Turns out, we gals have it a bit luckier than the lads do when it comes to respiratory illnesses–and it’s all thanks to our estrogen!
According to a new study in the journal Life Sciences, estrogen gives us a stronger immune system than a man’s, especially when it comes to warding off lung infections (such as pneumonia) that can develop as a result of a bout of the flu or a bad cold.
Credit goes to estrogen’s ability to release the enzyme nitric oxide synthase 3, which helps kill the bacteria that causes lung-congesting infections.
And here’s one more reason to love your estrogen:
Not only is the influenza vaccine generally more effective in women than in men, our bodies are better at fighting off the flu virus if we do end up catching it, reveals a recent study from Stanford University School of Medicine.
In fact, the more “manly” a guy is–for instance, if he’s muscle-bound, has a strong jaw and/or a deep voice, which indicates a higher testosterone level–the less impact the flu vaccine has on him and the sicker he’s likely to get if he catches the flu bug.
As the researchers explain it, testosterone affects certain genes that dampen a man’s immune response. Therefore, the more testosterone he has, the more vulnerable he is to the flu virus and the worse off he is when a virus catches hold.
One theory why the researchers think this occurs: In the early days when men were hunters and faced battle with animals and other people on a regular basis, this dampened immune effect might have helped protect his body from overreacting to cuts, scrapes and other injuries, which could result in an even more harmful condition called sepsis that could lead to death.
A few bonus cold and flu tips for the road:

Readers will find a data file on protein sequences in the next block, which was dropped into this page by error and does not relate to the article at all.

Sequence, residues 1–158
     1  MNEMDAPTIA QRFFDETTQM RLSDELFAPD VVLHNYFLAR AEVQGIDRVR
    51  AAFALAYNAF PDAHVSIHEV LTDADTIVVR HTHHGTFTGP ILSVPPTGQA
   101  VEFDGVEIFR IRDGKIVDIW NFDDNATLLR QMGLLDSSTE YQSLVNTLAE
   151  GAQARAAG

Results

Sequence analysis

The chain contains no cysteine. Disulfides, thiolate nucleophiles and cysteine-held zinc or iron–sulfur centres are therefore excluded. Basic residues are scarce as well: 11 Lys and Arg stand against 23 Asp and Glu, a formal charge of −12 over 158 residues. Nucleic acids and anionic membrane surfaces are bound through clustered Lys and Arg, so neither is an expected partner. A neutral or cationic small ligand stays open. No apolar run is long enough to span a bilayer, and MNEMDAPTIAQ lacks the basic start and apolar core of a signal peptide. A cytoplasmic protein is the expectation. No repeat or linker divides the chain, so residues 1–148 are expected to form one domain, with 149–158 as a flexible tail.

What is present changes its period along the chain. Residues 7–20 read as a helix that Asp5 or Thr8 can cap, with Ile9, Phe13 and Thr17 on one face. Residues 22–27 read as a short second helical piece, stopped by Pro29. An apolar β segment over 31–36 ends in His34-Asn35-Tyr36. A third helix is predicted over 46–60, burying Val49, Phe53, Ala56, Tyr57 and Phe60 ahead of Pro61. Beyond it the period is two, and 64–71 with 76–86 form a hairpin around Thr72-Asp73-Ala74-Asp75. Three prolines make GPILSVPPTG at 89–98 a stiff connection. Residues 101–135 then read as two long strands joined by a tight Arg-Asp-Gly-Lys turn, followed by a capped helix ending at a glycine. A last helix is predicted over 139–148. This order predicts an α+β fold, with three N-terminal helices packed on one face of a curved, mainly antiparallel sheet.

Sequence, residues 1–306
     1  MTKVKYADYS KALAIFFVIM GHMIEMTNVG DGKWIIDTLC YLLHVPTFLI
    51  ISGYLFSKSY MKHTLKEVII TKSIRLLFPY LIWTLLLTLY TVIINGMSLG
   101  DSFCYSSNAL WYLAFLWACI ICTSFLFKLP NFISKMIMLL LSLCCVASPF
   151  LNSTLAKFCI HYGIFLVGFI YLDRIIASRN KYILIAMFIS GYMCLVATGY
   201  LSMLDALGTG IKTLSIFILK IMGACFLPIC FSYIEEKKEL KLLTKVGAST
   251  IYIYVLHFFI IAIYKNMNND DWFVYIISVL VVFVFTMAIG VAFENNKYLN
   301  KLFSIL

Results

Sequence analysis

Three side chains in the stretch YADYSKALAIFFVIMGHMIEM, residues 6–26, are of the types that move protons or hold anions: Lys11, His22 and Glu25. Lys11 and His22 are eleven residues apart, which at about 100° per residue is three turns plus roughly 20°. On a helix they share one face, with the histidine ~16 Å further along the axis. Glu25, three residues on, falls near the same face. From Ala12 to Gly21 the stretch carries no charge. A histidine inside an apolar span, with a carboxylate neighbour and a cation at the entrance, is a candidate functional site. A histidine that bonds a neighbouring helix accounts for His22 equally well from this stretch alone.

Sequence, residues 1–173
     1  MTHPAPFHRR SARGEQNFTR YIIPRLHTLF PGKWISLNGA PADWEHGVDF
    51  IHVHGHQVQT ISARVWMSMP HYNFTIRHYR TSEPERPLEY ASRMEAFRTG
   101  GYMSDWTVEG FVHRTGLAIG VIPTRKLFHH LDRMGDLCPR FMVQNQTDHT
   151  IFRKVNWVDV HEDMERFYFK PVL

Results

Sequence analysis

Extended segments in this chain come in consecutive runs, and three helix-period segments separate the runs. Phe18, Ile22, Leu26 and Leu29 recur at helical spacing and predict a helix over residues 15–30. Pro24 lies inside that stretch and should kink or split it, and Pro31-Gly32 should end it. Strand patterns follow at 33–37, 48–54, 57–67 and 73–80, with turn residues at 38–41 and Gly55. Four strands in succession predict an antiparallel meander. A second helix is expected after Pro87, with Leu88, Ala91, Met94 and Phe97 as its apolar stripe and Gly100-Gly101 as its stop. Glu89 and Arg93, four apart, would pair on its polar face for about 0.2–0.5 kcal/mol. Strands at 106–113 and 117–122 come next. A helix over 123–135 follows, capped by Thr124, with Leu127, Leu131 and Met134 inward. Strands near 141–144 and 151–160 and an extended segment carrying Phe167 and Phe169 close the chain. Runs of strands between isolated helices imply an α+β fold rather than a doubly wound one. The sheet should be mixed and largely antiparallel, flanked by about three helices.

Even though you’ve just learned your estrogen helps protect your health, obviously you know we gals can still get sick–especially when we’re stressed, not eating right and don’t make time to exercise regularly.
So, here are a few ways to keep cold and flu viruses at bay a little better:
First off, if you’re planning to get your flu shot, aim to get it during Week 2 of your cycle. That’s when high estrogen makes the pain of a shot hurt less compared to other weeks in your cycle. Of course, it won’t make it totally pain-free. But, you’ll be less likely to cuss like a sailor whenever someone accidentally bumps into your flu shot arm.
Another trick that lessens post-prick pain: Press your arm in the area where the shot is headed for 10 seconds right before the needle goes in. One study in the Journal of Clinical Nursing shows this reduces discomfort following a shot.
Love to work out? Then save your running, biking or other exercise for right after your flu shot. Research suggests that a 90-minute post-jab workout can make the vaccine work more effectively throughout flu season.
Want help dodging colds? Then check out this post I wrote in September listing four study-proven natural immune-boosters. Hand to my heart, once I started doing them, I slashed the number of viruses I catch easily by 70%. (Just ask my husband, Douglas, who’s forced to hear me whine and order more tea, soup and crackers from bed every time I get sick.) And I’ve heard from other folks who, like me, tend to catch everything that’s going around–but, not after following these four tips!
Hope you stay healthy during cold and flu season!
And remember to show a guy you know who’s experiencing a bout of the “man flu” a little more love when he starts whining–his testosterone really is making him suffer!
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